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An officer test-drives the new MRAP all-terrain vehicle that is touted as a good alternative to the cumbersome Mine Resistant Ambush Protected vehicles currently being used. The new MATV is designed for easier maneuverability, but some question whether they will be as effective at saving lives.
An officer test-drives the new MRAP all-terrain vehicle that is touted as a good alternative to the cumbersome Mine Resistant Ambush Protected vehicles currently being used. The new MATV is designed for easier maneuverability, but some question whether they will be as effective at saving lives. (Dianna Cahn / S&S)

BAGRAM AIR FIELD, Afghanistan – The new lighter all-terrain vehicle MRAPs gave them a thrill when officers on Sunday test-drove the first ones to arrive in the war zone, zipping up and down inclines that the larger more cumbersome predecessors struggle to navigate.

But the bomb-resistant M-ATV, or Mine Resistant Ambush Protected ATV, is meeting with some skepticism.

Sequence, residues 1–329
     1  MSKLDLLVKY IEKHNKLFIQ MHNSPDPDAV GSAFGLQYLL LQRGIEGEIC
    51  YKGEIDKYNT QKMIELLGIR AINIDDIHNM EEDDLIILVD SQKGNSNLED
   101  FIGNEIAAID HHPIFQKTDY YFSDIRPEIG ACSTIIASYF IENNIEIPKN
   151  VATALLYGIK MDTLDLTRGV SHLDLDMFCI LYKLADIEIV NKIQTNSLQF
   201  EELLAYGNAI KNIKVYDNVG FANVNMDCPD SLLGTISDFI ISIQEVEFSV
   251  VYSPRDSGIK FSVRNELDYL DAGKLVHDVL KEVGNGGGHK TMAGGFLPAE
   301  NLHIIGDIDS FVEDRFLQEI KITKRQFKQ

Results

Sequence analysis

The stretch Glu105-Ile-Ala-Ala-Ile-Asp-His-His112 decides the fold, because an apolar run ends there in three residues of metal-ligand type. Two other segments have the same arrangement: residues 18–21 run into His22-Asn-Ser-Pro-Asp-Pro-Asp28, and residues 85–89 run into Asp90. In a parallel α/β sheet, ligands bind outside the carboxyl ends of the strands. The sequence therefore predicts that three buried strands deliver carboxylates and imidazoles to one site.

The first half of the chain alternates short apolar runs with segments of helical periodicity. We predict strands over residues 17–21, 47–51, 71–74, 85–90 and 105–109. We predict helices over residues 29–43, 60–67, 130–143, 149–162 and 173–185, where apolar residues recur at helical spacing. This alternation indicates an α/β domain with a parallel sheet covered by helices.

It is designed with the same V-shaped hull that disperses the blast of a road-planted bomb, making “Thank God for the MRAP” a near-constant refrain among troops on the front lines. It answers the challenge of the clunkier MRAP that cannot navigate the more mountainous and off-road terrain of much of the Afghan battlefield.

But a senior counter improvised explosives device commander questioned whether the entire premise of the lighter vehicle mitigated some of its benefits because weight is part of what makes the MRAP so resistant to the bombs.

“It’s been tested back in the States,” said Lt. Col. Brennan Phillips, commander of Task Force Paladin East, which supports the 82nd Airborne in eastern Afghanistan to counter the explosives threat. “It’s untested on the battlefield.”

Still, the vehicle, which weighs at least 16 tons, is far more comfortable and has suspended seats and padding so soldiers’ feet don’t absorb the brunt of a buried bomb blast. The smaller M-ATV is not as alienating to the Afghan population as the hulking MRAPs now on the ground, an important element in a counterinsurgency war.

And it can maneuver.

“It makes me miss my Jeep back home,” said Maj. David Klahn, Paladin East executive officer, who test-drove the M-ATV.

The first batch of M-ATVs arrived in Afghanistan on Oct. 1. There are now seven at Bagram and more are on the way.

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